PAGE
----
Generalized anxiety disorder (GAD) affects more than 16 million American adults annually, and is primarily treated with antidepressants or benzodiazepines (BZDs). Unfortunately, many GAD patients report only a partial response or cannot tolerate the side effects of these medications. BZD-based anxiolytics are of particular concern because of the risk for chemical dependence, addiction, cognitive impairment, and even death. There is thus an unmet clinical need for new anxiolytics free of BZD adverse effects. However, our limited understanding of the neurobiology of anxiety has impeded the discovery of novel pharmacotherapies for GAD. Kava, prepared from the root of Piper methysticum, is consumed in many parts of the world as a daily beverage to help people relax, socialize and improve sleep. Clinical trials in Europe and elsewhere also indicate that it is an effective anxiolytic. In these studies, kava usage showed no signs of addiction or withdrawal, indicating that its mechanism of action differs from that of BZD, which is mediated through GABAA. Although the mechanisms behind kava's anxiolytic activity are not yet established, in vivo studies indicate that it is not mediated through GABAA. Kava thus is a promising source to search for novel anxiolytics with unique mechanism(s) of action to help manage GAD. In a pilot study of daily dietary kava use among general smokers, we found that a one-week kava ingestion reduced smoking dependence, supporting kava's anxiolytic activity. More interestingly, this treatment regimen significantly and consistently reduced the plasma levels of protein kinase A catalytic subunit alpha (PRKACA) and plasma cortisol among the general smokers. Given the well-established role of PRKACA and cortisol in anxiety and stress, kava may induce its anxiolytic activity via a novel PRKACA-dependent mechanism. Thus, plasma levels of PRKACA, and potentially plasma cortisol and cyclic AMP and urinary N-acetyl serotonin may serve as biomarkers to monitor kava's anxiolytic efficacy. Thus, the R61 phase of this phased clinical trial aims 1) to validate the changes of plasma PRKACA, cortisol, c-AMP and urinary NA-5HT in GAD patients upon kava ingestion and 2) to characterize the safety, compliance, bioavailability and pharmacokinetics of kava. The R33 phase will build on the R61 to 1) explore the potential of the identified biomarkers in predicting kava's anxiolytic efficacy and 2) identify the specific subgroup of GAD patients that are most likely to benefit from kava treatment. Safety Measures: Built upon our understanding of kava's hepatotoxic risk, a flavokavain A/B-free kava dietary supplement will be used in this trial, which is expected to reduce/eliminate kava's potential hepatotoxic risk. We will exclude individuals with elevated risk for hepatotoxicity, and will closely monitor liver function and other potential adverse events during and for 12 weeks following treatment.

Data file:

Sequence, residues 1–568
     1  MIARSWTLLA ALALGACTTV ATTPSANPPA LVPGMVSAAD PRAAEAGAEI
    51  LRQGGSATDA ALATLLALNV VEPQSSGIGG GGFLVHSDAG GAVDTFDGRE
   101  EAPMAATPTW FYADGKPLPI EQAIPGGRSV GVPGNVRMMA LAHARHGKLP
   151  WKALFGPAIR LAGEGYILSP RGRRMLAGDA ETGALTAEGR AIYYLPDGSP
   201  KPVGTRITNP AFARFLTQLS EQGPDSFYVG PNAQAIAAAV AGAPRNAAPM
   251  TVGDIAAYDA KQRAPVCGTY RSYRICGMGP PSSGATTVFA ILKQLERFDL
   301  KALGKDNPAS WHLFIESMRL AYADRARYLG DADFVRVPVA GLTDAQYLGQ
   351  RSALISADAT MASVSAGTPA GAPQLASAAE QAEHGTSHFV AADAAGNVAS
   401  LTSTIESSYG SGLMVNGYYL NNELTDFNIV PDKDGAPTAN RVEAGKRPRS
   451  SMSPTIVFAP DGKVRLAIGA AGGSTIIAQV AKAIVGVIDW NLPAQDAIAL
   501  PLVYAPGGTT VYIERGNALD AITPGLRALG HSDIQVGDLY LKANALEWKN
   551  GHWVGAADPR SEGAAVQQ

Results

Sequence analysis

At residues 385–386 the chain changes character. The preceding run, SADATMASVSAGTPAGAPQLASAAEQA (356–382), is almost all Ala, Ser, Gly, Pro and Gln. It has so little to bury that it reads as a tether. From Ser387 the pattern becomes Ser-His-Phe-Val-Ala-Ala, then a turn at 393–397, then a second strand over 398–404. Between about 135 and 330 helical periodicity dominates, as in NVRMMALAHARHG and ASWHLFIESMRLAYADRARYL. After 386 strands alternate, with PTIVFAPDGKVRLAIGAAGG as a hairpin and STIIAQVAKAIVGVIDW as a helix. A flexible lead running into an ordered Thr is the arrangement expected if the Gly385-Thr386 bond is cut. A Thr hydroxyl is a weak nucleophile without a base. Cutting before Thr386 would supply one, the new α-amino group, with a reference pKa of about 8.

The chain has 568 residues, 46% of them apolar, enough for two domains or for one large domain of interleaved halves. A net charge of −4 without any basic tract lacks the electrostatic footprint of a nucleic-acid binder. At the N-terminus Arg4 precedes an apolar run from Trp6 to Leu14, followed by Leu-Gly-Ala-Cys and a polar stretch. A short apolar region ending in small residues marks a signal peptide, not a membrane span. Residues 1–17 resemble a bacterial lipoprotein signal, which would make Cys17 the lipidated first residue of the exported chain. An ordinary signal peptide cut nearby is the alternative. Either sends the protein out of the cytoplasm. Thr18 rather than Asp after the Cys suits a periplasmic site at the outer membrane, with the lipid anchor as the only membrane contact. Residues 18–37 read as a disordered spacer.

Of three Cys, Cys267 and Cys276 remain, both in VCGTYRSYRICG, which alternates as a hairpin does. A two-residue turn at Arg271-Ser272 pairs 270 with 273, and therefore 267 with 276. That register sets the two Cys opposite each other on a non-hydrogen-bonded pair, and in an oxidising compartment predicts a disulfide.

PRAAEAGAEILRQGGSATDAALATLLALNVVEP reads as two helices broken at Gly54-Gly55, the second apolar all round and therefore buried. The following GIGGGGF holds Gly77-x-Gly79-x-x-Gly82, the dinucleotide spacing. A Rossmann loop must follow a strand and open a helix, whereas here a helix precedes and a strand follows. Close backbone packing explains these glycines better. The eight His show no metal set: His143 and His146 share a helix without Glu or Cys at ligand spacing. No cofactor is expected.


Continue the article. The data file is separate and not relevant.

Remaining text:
Generalized anxiety disorder (GAD) affects more than 16 million American adults annually, and there is an urgent need for novel anxiolytics. This phased clinical trial will 1) identify potential surrogate biomarkers for the anxiolytic effect of the dietary supplement kava in participants with GAD; and 2) evaluate kava's anxiolytic efficacy and the relationship of biomarker changes to reductions in anxiety scores to explore kava's novel mechanisms with the long-term goal of developing new anxiolytic agents that can address this unmet clinical need.